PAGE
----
I am not arguing that electronics should not be repairable or lack adequate cooling so I really don't get why you're bringing it up. My initial comment wasn't even about hardware but about UI design, but I guess it equally applies to hardware - you could have repairability / adequate cooling and good design at the same time. One does not exclude the other.
          Last edited by msotirov; 08-19-2019, 12:00 PM.

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          • #25
            Originally posted by ms178 View Post

            Even more so in German.
            Also in Dutch if you don't pronounce the 'O' and 'S' separately (i.e. 'popos').

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            • #26
              Originally posted by DoMiNeLa10 View Post

              They are quite important if you rely on your machine, especially to do work. I wouldn't want an Apple computer, simply because it's not possible to take storage out, put it into another machine, and resume work as usual. Not to mention, the longevity of hardware is severely reduced as well.

              Also, the fact that everyone wants to make thin things is simply pathetic. Laptops overheat, and can't even fully utilize their hardware, which is simply sad.
              My sentiments exactly. Laptops CAN be light even if they are thicker. Too bad too many people like to treat their computer equipment as a fashion statement. Since I came in contact with enterprise hardware, I can't tolerate anymore consumer crap made to be as difficult as possible to repair.

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              • #27
                Good lord I had almost forgotten how nitpicky some hardcore Linux users can be. No matter what kind of work a company does to advance desktop Linux, you'll still go through it with a fine toothed comb and look for things to whine about.

                When they talk about being like Apple, they're referring to the one thing Apple does right: paying some blasted attention to user experience and making hardware and software that feels polished and functional without having to spend 5 hours googling and learning some arcane bullsh*t just to make a particular thing work correctly.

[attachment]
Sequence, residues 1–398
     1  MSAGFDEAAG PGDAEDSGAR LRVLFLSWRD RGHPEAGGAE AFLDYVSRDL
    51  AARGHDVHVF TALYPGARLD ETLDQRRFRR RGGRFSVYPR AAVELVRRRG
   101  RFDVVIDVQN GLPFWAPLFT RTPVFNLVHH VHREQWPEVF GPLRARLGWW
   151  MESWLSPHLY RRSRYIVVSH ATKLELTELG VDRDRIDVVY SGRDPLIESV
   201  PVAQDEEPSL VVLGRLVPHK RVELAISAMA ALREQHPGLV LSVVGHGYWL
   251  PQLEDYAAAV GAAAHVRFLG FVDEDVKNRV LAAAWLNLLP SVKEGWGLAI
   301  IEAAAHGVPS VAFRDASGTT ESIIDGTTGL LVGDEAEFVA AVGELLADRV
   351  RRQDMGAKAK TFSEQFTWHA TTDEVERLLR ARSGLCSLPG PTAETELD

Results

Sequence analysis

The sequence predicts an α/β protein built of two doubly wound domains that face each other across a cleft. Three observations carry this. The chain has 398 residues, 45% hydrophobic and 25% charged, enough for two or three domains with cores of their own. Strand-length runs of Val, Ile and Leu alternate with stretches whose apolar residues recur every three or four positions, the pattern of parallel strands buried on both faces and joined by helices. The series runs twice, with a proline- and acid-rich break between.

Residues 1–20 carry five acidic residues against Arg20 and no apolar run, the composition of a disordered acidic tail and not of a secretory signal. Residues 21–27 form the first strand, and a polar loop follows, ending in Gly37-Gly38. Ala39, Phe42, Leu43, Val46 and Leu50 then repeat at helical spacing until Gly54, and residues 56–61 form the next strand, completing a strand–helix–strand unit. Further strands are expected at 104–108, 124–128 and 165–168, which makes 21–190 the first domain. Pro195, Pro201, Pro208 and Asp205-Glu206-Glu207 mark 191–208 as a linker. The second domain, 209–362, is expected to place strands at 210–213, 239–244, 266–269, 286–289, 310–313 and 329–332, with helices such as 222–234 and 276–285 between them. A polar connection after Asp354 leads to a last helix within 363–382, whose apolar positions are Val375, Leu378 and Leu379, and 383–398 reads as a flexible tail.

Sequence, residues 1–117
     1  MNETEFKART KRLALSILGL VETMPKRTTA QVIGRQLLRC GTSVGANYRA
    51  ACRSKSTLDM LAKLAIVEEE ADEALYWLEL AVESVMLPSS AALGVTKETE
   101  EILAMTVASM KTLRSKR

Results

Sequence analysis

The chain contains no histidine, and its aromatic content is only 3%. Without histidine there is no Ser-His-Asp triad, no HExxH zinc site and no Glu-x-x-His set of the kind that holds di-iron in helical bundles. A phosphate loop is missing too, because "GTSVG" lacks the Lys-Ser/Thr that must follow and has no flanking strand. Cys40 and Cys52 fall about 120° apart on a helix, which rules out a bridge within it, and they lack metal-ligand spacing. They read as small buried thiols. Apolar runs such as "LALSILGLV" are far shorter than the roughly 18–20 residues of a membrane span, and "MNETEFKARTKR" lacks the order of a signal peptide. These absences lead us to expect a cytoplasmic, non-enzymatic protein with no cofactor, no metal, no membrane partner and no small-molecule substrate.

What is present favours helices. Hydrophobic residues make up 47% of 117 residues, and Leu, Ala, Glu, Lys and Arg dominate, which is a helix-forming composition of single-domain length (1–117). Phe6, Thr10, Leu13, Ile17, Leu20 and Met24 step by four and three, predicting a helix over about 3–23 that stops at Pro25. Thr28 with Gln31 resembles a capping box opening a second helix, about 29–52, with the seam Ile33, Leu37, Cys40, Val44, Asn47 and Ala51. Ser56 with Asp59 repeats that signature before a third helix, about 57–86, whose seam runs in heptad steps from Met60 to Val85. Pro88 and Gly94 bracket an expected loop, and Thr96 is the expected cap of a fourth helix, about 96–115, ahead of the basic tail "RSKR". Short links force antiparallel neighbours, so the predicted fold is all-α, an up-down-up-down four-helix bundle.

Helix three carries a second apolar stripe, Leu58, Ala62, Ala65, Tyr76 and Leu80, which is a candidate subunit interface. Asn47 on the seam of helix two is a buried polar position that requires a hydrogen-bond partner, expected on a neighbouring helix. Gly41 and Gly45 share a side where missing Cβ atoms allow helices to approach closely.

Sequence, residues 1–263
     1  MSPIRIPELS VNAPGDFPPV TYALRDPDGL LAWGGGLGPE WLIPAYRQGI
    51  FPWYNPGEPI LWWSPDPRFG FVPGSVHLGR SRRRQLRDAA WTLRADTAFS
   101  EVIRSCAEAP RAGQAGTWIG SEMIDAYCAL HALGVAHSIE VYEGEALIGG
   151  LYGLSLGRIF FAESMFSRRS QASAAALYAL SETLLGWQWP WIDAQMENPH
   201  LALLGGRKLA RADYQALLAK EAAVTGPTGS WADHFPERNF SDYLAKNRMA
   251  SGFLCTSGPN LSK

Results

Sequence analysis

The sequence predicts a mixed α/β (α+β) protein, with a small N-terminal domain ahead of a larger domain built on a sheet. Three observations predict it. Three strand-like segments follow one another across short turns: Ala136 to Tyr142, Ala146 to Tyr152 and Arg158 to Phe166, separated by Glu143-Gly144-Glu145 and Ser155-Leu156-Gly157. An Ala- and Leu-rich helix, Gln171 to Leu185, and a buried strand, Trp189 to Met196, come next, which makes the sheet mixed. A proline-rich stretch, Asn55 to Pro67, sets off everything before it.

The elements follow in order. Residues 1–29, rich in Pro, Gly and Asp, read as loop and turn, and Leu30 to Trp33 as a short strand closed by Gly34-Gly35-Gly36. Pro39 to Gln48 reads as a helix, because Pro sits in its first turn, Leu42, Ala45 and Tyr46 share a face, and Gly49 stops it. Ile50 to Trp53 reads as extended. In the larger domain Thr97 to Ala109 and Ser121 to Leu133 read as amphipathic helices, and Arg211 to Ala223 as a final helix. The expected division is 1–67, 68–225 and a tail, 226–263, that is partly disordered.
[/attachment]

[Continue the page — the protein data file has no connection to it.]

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                • #28
                  Originally posted by skerit View Post
                  When are they going to change the name? "Pop!_OS" makes it seem childish.
                  Exactly. Also, who names their OS after the theme it's using?

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                  • #29
                    Originally posted by pmorph View Post
                    In Linux space, Apple is probably the last thing they want people to associate them with.
                    It depends upon them focusing on what Apple does right vs what Apple does wrong. If one focuses on joy on what Apple does wrong then you end up with a very biased opinion of the company. System 76 just needs to harvest the good practices of the company.

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                    • #30
                      Originally posted by RussianNeuroMancer View Post
                      They could use common infrastructure for BIOS updates instead of their own. I can upgrade BIOS on Dell and ThinkPad laptops via fwupd.org, so it's astonishing to see that System76 does not cooperate with infrastructure that used by everybody else.
                      Why should System 76 be required to use any one bios update solution. That makes about as much sense as insisting that all scripting be done in BASH on Linux. Even more so it is like the idiots that insist that E-Mail must be text based. There is no need for this attitude in the Linux world.